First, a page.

The egg industry means that around 2,5 million roosters are killed every day as day-olds by being ground alive. The chickens go to egg production, but their fate is not necessarily better.
Anyone who has seen a ragged, worn and broken cage hen take his first wobbly steps on the ground, understands what cage life does to the hens. They stand in a noisy factory environment on sloping mesh floors, each with an area equivalent to an A4 sheet, without ever seeing the sky. Lack of outlet for natural behavior can lead to compulsive behavior such as feather plucking and cannibalism, and the intense laying gives rise to painful disorders such as fallopian tube inflammation and osteoporosis. After a year and a half, they are gassed in containers or sent for slaughter.
Floor management is also problematic when several thousand hens are kept on a limited area, and only organic farming ensures the hens nightlife part of the year. But development away from cage drift will be a step in the right direction – towards conditions that at least give the hens the opportunity to move freely and stretch their wings.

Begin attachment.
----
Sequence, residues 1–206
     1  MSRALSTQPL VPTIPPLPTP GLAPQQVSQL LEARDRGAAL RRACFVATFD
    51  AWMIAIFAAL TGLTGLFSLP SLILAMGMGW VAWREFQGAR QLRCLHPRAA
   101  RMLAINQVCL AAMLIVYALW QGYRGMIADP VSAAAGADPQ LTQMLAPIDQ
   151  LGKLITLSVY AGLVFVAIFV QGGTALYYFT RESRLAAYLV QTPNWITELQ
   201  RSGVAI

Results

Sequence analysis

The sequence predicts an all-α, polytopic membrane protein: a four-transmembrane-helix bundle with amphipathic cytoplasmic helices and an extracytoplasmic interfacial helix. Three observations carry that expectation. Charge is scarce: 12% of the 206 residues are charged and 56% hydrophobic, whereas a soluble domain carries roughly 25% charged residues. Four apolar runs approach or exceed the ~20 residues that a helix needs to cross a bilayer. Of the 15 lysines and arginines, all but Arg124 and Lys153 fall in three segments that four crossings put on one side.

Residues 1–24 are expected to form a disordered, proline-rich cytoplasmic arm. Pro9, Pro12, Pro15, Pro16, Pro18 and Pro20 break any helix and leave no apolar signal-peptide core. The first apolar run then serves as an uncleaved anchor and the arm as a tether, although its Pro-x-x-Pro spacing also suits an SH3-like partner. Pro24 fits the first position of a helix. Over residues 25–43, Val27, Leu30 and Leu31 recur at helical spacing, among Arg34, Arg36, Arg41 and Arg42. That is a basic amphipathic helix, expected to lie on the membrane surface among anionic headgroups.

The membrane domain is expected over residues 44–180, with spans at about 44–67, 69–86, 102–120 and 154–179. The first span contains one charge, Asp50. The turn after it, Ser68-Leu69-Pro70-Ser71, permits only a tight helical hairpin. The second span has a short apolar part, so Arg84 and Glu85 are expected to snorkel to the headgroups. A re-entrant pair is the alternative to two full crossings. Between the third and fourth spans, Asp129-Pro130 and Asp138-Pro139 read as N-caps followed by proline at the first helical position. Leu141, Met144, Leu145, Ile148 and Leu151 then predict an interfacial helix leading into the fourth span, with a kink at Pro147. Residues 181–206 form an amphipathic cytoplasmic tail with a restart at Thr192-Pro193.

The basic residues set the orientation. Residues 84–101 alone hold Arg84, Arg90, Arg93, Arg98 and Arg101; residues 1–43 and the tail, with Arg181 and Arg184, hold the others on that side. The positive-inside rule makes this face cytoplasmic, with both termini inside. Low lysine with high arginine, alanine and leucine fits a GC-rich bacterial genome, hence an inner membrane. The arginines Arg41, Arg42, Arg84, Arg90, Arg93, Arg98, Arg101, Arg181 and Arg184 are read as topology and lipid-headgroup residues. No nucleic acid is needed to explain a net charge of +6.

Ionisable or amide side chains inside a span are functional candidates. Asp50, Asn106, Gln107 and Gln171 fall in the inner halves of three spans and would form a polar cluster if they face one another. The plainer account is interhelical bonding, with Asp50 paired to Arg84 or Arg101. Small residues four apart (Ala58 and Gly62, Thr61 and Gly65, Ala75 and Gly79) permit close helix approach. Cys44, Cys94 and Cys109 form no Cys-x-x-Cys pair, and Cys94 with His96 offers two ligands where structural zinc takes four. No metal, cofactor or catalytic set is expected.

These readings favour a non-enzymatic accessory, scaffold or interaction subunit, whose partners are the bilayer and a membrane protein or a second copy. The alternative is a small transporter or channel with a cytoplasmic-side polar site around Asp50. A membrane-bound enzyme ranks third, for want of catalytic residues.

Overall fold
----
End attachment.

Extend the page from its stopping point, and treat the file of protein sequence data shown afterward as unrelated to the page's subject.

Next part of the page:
The Minister of Agriculture does not want the marking of cage eggs or a ban on cage farming. But Rema 1000 and Norgesgruppen say no to cage eggs, and ultimately it is the consumers who have the decisive word and who can steer the development away from the cage disorders, and eventually towards conditions that take more account of the hens as individuals with complex feelings and needs. As consumers, we have great power – let's use it to give animals a better life.